So to me and to my brother Rami, who co-wrote this with me, we with my father's story, my grandmother's story and my mother's stories, you know, we felt that they were living with a part of them stuck in the past, stuck in these times and in these places, and this is what drove us to kind of come up with the concept of the ghost of the living as opposed to the ghost of the dead, you know? Because we believe that they were living with these ghosts of themselves, stuck in time, in these traumas that they went through.

BG: Yeah, I was thinking actually about do you relate the idea of memory to the notion of haunting? You know, are we haunted, is that are our memories are our ghosts, and also when they say like an older generation walking down a street and in their memories they see a different street but that because they're present that memory is present and the past is now, do you see what I mean?

MA: I think it is a presence that is so powerful that you could touch it even, you know what I mean? It is that powerful on your soul and in your spirit and, unfortunately, a lot of us go through our lives unaware of these ghosts that we've left behind with people that we love or traumas that we went through places that we are attached to, you know?

BG: As a Palestinian director why did you decide to frame the narrative from the perspective of a Jewish settler or the settlers like the father and the daughter?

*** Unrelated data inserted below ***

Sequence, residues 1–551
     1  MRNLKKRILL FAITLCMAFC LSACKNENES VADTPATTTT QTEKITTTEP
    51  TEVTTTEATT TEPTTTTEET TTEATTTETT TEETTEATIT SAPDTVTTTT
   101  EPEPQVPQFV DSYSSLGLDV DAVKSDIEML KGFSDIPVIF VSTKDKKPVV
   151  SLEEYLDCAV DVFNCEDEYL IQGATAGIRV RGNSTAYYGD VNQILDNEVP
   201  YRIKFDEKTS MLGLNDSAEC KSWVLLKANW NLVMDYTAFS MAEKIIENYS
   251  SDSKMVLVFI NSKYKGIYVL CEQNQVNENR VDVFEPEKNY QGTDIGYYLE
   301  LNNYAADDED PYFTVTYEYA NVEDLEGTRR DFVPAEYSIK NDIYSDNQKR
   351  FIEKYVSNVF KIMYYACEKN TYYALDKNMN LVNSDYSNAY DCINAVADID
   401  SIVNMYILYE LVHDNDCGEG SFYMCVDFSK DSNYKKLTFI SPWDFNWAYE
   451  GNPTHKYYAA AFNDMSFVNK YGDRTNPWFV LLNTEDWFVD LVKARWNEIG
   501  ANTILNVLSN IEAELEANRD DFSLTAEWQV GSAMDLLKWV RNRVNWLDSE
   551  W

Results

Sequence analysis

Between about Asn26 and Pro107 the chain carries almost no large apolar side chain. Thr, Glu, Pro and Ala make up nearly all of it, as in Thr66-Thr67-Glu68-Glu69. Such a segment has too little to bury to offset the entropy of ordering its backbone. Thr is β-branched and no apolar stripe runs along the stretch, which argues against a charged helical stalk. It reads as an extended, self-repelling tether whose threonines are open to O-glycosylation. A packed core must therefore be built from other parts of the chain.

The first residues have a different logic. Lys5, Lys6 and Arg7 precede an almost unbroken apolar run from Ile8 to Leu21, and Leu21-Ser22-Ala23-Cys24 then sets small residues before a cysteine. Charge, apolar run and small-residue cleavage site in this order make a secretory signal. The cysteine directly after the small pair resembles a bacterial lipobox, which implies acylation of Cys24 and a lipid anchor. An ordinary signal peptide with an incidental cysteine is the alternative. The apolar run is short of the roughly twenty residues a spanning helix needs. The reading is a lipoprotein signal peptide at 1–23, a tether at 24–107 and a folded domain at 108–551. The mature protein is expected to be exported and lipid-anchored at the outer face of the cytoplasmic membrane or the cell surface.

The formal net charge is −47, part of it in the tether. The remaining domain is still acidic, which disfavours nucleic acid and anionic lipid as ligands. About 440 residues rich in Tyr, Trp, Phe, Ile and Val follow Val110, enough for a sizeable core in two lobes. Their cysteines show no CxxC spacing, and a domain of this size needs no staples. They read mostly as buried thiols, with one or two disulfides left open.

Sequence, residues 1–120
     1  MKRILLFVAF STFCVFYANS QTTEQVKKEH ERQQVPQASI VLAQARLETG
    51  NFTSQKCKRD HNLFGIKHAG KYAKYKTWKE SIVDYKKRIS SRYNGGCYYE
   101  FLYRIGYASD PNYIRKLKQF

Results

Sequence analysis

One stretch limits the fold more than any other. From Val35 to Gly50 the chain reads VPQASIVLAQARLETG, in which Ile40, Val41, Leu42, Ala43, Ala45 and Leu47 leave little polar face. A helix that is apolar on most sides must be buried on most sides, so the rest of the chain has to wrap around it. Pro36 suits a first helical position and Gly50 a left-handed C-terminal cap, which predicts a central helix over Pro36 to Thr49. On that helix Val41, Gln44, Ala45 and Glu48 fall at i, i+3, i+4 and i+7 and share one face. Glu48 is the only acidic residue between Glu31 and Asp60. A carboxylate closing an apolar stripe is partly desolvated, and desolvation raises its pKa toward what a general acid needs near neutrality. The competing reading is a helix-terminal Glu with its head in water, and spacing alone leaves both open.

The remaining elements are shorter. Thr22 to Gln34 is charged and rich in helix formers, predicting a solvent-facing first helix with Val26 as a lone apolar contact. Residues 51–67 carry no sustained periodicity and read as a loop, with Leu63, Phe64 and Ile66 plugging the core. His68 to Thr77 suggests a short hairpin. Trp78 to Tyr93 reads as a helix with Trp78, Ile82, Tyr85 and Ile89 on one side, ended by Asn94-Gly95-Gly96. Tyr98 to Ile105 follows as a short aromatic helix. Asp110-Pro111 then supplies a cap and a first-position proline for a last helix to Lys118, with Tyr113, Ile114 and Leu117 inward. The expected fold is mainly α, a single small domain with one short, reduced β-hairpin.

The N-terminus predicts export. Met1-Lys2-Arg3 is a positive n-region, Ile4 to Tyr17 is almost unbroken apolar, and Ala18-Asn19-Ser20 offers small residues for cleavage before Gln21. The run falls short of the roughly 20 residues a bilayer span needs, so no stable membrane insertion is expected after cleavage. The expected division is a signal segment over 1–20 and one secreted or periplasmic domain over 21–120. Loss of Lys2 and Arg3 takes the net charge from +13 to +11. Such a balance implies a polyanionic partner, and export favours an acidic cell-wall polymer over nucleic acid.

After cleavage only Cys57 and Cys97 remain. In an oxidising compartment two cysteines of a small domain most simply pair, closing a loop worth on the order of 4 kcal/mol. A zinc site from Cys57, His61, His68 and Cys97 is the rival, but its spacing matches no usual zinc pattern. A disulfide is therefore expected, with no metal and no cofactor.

MA: I chose to narrate the story from the perspective of a child, you know? It just so happens that these houses in West Jerusalem that used to be Palestinian houses are in the particular neighbours that I'm talking about that I my family used to live in and the neighbours that I know so well, most of the immigrants who live in these places are Jewish families who recently moved from the US, the UK ,France or other parts and they like the neighbourhoods, they kind of appreciate the nice architecture of the old Arab house architectures, and the nice greenery around the houses you know? Basically, if you go to any cafe around these neighbourhoods you'll hear all kinds of languages: you know, French, British American and British accents of English, and you know you will hear so many people who come there and who have either recently moved there or their ancestors moved and then they joined them and made Aliyah or whatever.

MU Miley Locke with Johnny Harris

Miley Locke with Johnny Harris

So to me I wanted to make a story about a young girl a child who does this move, who's forced to do this move, and she experiences this place first-hand, she has what she's being told, you know, and there is what she's finding out and what I wanted to do is … I was hoping that the innocence of children both of them, the both lead actors, the both lead characters, the innocence of children gives us the room to raise questions in the face of the adult world that we usually adults don't dare ask, and don't dare confront among ourselves even within the same kind of group, you know what I mean? And I think that the innocence of the children gives them this courage to put a mirror in the face of us the adults with all the corruption of, you know, the politics and all the, you know, ideological baggage that we carry around, children just don't have that, they are not corrupted yet so they can they dare ask the questions, that's what I wanted to do.